Time Series for Power-Law Decay

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Power-law decay time series are characterized by autocorrelation functions that decay as , where is the lag and is the decay parameter. When , the time series exhibits strong persistence, with smaller values of indicating stronger persistence. When , the time series exhibits high-frequency (or alternating) behavior and is said to be anti-persistent. Such time series are also characterized by a spectral density function that is proportional to , where is the radial frequency.

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This Demonstration investigates four basic types of power-law decay time series—HD (hyperbolic decay model), FD (fractionally differenced white noise), FGN (fractional Gaussian noise), and PPL (pure power-law process)—by simulating a series of length and displaying one of five selected graphs: the time series plot (data), the autocorrelation function (ACF), the partial autocorrelation (PACF), the periodogram, and the spectral density function (SDF). In each case, blue represents the data or sample estimate and magenta represents the expected value.

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Contributed by: Justin Veenstra and Ian McLeod (November 2012)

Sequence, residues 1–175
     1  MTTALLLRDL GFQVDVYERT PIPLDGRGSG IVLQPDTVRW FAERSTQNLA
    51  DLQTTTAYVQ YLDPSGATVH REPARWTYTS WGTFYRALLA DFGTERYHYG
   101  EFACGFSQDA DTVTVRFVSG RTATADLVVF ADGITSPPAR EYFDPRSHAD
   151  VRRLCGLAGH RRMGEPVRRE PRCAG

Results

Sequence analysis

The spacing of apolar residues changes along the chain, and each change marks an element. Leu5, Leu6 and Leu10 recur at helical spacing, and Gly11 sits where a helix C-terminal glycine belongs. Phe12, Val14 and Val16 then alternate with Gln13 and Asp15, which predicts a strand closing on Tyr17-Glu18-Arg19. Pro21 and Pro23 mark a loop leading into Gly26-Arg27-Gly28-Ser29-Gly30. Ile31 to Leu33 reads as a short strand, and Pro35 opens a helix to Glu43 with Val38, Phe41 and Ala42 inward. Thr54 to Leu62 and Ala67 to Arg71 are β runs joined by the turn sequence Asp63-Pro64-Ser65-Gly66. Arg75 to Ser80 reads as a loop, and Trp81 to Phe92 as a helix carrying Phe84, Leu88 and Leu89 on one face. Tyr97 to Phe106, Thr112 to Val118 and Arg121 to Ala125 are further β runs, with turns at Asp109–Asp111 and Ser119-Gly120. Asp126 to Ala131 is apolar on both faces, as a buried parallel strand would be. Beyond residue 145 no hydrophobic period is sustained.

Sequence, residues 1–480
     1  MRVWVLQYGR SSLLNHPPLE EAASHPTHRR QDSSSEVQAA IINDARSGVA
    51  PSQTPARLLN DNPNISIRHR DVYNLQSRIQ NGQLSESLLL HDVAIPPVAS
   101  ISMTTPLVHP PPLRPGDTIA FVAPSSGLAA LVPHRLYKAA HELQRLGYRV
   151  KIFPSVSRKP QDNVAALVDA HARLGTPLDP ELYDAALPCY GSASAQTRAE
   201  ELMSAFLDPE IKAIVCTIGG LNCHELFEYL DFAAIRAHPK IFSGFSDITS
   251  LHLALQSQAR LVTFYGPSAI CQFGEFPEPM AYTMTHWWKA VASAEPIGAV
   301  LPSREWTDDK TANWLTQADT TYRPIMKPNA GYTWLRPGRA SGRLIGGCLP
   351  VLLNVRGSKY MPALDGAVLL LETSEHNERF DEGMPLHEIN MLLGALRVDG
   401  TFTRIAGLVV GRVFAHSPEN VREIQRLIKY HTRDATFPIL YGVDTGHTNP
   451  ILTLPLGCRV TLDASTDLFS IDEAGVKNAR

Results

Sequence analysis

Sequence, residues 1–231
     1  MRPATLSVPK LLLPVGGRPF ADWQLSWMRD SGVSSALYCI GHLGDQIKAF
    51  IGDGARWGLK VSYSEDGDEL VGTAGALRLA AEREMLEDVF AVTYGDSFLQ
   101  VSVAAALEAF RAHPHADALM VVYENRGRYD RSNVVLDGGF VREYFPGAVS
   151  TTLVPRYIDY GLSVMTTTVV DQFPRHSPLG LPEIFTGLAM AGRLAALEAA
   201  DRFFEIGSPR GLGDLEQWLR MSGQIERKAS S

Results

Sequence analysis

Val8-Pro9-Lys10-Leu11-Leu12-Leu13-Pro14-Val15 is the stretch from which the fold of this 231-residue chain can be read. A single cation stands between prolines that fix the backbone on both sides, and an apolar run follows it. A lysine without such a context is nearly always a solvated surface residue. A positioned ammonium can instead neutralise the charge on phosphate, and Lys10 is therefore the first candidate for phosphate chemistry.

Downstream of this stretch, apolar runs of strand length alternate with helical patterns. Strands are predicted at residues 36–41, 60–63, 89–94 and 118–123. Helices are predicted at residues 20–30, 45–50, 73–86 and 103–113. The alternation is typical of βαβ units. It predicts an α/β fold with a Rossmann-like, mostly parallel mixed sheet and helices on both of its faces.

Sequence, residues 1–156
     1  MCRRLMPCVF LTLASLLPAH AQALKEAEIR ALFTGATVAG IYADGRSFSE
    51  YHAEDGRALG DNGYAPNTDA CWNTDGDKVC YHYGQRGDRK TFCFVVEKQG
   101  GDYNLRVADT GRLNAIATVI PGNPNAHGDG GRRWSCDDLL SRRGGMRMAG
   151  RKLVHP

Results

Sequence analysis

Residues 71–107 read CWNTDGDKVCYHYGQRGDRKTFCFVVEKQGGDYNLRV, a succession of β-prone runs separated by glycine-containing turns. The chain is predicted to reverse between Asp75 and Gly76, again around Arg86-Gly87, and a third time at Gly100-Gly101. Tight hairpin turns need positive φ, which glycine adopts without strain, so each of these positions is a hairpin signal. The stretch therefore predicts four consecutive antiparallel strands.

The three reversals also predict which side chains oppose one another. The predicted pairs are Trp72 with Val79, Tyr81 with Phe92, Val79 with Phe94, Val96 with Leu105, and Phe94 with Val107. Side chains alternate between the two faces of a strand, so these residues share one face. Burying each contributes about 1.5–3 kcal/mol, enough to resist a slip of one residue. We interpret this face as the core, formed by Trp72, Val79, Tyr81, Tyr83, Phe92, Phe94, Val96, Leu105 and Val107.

(Western University)
Open content licensed under CC BY-NC-SA


Snapshots


Details

Snapshot 1: This shows the autocorrelation for FGN with and series length . The setting corresponds to a Hurst coefficient of 0.9, which indicates very strong persistence. We see there is a large bias in the usual sample autocorrelation, since the true value is always much larger, except at lag 1.

Snapshot 2: This shows the partial autocorrelation for the same data used in snapshot 1. The partial autocorrelation was estimated using the Burg algorithm, and it seems to do a better job.

Snapshot 3: The periodogram and its expected value, the SDF, are shown.

Snapshot 4: The SDF is shown in magenta along with its estimate in blue. The SDF is estimated by fitting an AR model using the Burg algorithm with model order determined using the AIC criterion.

For an overview and further references for the time series models, see [1].

Reference

[1] J. Q. Veenstra and A. I. McLeod, "A New Hyperbolic Decay Time Series Model," 2012. Submitted for publication.



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